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The Search to Affix Blame

This pitfall can masquerade as the (sometimes reasonable) search for malign motivation mentioned above. It is also a version of simplification. If we can just find a culprit to blame we feel as though we have found a satisfying explanation. Preferably, there is only one culprit, but if there are several, they should be in a conspiracy together. But consider for a moment: it is completely feasible that LaRue and Saia in the Hughes case are acting independently, are both guilty of at least skirting the truth, but have not explicitly conspired together. If you are not convinced of this read the Saia gets a call scenario to see how Saia might put pressure on LaRue to skip required tests, but not explicitly encourage it.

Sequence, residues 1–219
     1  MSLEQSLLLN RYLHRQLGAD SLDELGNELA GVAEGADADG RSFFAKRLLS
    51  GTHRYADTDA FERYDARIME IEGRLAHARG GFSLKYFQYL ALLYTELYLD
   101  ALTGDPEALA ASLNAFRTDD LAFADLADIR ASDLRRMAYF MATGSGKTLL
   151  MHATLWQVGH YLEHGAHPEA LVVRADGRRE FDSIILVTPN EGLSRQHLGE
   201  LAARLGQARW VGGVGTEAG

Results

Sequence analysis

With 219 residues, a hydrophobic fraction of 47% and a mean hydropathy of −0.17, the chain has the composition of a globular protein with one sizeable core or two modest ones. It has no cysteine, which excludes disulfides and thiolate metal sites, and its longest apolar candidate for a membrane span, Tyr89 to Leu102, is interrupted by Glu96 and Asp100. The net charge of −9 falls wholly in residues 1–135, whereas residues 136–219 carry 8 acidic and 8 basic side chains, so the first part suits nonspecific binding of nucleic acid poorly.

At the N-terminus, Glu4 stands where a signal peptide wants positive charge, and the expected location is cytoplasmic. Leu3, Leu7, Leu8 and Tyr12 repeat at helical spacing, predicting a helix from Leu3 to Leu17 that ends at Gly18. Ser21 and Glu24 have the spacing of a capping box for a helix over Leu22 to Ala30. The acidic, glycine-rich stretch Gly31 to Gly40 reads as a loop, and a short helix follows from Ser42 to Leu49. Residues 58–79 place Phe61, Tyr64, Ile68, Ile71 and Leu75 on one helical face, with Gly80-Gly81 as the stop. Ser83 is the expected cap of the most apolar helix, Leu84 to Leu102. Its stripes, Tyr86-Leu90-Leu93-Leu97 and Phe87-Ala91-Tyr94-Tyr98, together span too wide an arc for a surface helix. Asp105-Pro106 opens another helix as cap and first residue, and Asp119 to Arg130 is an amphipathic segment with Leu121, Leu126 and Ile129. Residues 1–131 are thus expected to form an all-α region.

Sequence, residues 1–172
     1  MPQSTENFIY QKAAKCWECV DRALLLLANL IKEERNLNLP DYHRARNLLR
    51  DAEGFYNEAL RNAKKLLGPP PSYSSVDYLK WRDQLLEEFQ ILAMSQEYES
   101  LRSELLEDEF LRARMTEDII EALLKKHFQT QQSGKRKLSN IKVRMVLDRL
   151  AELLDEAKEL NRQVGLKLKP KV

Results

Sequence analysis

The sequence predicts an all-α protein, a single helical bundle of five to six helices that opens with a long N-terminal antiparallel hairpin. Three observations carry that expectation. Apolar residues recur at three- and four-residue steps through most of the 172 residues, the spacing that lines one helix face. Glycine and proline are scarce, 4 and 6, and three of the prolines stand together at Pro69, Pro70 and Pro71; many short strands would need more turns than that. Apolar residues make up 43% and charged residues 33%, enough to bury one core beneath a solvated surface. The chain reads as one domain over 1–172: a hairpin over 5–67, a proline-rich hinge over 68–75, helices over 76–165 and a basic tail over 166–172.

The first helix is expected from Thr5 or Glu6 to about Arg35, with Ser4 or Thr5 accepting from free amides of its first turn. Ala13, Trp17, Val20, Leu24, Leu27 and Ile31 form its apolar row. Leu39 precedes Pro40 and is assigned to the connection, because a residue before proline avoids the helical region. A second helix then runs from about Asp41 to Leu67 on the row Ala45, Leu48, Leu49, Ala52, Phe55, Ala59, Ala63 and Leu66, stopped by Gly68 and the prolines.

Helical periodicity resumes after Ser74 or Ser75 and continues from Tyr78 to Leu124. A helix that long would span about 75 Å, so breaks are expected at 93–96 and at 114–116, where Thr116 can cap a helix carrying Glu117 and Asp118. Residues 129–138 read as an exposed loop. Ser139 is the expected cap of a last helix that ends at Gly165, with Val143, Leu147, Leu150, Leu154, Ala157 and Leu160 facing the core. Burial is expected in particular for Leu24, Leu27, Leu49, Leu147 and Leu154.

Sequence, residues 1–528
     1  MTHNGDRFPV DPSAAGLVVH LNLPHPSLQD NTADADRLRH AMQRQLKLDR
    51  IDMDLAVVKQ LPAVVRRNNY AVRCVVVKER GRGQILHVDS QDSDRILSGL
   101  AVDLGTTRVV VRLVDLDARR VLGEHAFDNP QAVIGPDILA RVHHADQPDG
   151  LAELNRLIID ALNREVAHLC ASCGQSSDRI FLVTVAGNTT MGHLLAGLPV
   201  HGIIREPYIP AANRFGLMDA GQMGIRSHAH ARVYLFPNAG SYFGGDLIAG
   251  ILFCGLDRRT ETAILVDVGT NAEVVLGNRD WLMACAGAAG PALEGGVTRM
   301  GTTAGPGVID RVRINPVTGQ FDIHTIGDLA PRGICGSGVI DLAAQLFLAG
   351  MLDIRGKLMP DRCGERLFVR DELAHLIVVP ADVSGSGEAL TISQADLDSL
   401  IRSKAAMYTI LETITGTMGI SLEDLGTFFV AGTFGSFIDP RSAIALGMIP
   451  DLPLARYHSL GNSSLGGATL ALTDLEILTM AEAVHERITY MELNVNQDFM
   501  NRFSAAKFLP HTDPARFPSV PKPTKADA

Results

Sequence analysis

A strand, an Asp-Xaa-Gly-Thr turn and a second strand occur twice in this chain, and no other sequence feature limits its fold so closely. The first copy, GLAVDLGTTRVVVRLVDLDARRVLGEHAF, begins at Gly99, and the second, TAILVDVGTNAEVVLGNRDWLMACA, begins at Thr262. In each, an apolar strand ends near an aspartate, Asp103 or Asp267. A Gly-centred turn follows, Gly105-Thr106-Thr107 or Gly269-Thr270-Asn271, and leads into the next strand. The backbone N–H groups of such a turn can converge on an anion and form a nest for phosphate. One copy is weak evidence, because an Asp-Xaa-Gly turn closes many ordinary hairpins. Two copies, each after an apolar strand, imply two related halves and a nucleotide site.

This search for a psychologically satisfying explanation may be fine for coffeehouse conversation, but engineers responsible for the operation of the system should look beyond it for two reasons. First, if safety is a system property (as Safety Engineering and the ImpactCS model imply), then focussing on only one level of the system will mislead us about the complexity of the issues. Simply blaming Machado for the email harassment does not lead us to look for the more complex ways that the culture of information sharing made this harassment easier. Nor does it help us make a more secure system. Second, a focus on individual or corporate blame implies only one kind of solution: people should be more careful or they will be punished. We can blame Hughes for its mistakes in inspection. But this will lead us to overlook the production pressures produced by the system of military contracts. The better approach is to look at the system to determine what people should be careful about. What can be modified in the system to increase those values about which we care?